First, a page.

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An Artist's Journey from China to America

The true story through BiLan Liao's artwork. She came to America at her age 45 to have the freedom to paint her and her family journey under the dictator Mao Zedong. She also painted her life in America. BiLan Liao is a first-time filmmaker, retired art professor, GA AAPIS leadership council, GA US, and author of the book "Diary of the Dragon’s Daughter”.

She was born and raised in China. She and her family experienced much discrimination and many hardships under the dictator Mao Zedong. While still in China, in 1999 she was granted U.S. permanent residency as an “Alien of Extraordinary Abilities.” At age forty-five, she realized her dream when she came to America.

BiLan earned two master’s degrees in art (MA and MFA), studied art in Italy, and became an art college professor in Kentucky, where she built the BiLan Liao Gallery. She has been featured in these news programs: ABC Night line, AJC, Supper China, The world China, Morning Blend (ABC), WSIU (PBS), National Public Radio…and exhibit her art work in national and international at galleries and museums. It is our pleasure to interview her for Chicago Movie Magazine.

What draws you to filmmaking and the cinematic language?

I am an artist and retired art professor, and I hope that filmmaking will promote my deep desire to educate people to find the courage to stand up for freedom of speech. I also hope that filmmaking will promote diversity, and help us to remember that we are all in this together. We all want to be happy and avoid suffering, and fear of discrimination and persecution. My message is, never give up your dream for freedom.

Do you believe in film schools or does making a film teach you more than film school?

I have not had the opportunity to attend film school. But I must say film making has been an education in learning many things, filming, video, audio, directing, producing, editing and more technology.

What makes cinema stand out more than the arts for you?

People love cinema because the action invites them in to the story, and engages them in a deep and meaningful way.

Why do you like to make art and documentaries?

I love making art. I am a painter, sculptor, and now a new filmmaker. I will paint till I die because paint is in my blood. The documentary “An Artist's Journey from China to America” with my paintings tells my true story in a visional art form. So many people’s hearts are touched and inspired from my paintings, as well my new documentary film.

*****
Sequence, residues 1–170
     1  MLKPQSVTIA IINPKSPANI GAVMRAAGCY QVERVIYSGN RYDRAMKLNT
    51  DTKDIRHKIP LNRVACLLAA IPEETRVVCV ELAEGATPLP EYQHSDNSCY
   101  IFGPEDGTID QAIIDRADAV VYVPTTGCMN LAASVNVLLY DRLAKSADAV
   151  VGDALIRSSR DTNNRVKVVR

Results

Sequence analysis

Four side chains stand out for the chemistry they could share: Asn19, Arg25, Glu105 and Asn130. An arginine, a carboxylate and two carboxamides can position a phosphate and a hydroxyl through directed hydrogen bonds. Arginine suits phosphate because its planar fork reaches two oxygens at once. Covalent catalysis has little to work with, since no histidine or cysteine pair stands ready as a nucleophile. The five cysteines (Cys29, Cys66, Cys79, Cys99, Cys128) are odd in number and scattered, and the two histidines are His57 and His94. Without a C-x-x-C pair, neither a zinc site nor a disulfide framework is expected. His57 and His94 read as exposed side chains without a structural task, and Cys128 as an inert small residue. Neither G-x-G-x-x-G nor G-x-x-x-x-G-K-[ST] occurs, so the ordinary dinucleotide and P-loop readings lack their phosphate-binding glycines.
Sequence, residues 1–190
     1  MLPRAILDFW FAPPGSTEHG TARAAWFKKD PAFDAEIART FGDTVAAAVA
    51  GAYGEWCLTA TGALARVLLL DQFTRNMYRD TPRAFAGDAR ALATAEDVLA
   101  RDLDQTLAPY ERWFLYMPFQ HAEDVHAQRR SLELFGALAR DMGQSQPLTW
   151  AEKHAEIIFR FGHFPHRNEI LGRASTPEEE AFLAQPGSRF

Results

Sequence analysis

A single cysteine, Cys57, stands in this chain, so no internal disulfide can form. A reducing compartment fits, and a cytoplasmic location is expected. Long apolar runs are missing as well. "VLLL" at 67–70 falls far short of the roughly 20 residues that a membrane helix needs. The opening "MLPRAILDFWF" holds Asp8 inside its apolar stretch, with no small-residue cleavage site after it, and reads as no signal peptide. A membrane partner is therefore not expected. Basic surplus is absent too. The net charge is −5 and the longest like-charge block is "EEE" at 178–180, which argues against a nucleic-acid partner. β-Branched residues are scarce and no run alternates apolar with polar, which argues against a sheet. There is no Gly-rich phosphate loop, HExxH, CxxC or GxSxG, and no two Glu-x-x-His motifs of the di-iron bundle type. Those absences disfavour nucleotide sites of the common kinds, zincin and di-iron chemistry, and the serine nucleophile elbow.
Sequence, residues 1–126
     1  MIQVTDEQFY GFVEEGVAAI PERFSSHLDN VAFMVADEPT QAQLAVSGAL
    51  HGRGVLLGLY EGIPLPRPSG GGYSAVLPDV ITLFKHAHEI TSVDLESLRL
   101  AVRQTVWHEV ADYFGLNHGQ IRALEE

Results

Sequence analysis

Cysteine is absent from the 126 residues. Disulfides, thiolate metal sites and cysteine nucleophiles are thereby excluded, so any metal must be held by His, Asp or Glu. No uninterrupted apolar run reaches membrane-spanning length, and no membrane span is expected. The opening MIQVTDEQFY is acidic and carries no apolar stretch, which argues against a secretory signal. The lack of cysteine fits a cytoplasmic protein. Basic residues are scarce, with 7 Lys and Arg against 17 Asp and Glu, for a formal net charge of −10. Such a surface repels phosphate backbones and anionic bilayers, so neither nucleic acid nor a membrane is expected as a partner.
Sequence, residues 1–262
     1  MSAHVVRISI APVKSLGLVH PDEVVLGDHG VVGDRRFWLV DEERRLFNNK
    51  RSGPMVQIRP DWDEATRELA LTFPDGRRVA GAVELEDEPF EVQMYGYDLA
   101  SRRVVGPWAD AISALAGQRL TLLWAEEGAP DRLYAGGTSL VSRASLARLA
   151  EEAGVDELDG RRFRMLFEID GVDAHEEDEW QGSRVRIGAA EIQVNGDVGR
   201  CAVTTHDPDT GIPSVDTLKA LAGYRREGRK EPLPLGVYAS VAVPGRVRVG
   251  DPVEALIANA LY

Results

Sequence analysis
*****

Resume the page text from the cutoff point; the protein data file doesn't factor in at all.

Do you consider yourself an indie filmmaker and what would be the most difficult thing about being an independent artist?

I do consider myself an indie filmmaker and I am a first-time filmmaker. The most difficult thing is meeting professional people who will help me finance, produce and promote my work. I am looking for professionals who are interested in art, women’s rights, civil rights and stories of perseverance.

What is the distribution plan for your film and how are you planning to reach a greater audience for your project?

I am a first-time filmmaker; I hope my project will get distributor attention in the future because my story is very compelling and touches people’s hearts and encourages everyone to never give up.

If you are a fan of history, culture, art, or tales of human perseverance, you will absolutely love my story.

My cinematic goal is to tell the true story of what happened to me and my family living through the dark and terrifying days under the Mao government. I want to promote hope, courage, women’s rights, freedom and the American Dream. My work explores the relationship of my personal story, Chinese history, and fine art in this project An Artist’s Journey from China to America. I would like my paintings in museums for the education of everyone before I die.

What kind of impact would your film have in the world and who is your audience?

The impact my film would have on the world would be to promote freedom, hard work, courage, kindness and compassion. My audience is people all over the world, and my message is that we learn from history so we can live together better. There is only one race - the Human Race, and there is nothing we cannot do if we work together. This is especially relevant today with so many hate crimes against Asians and other people of color.



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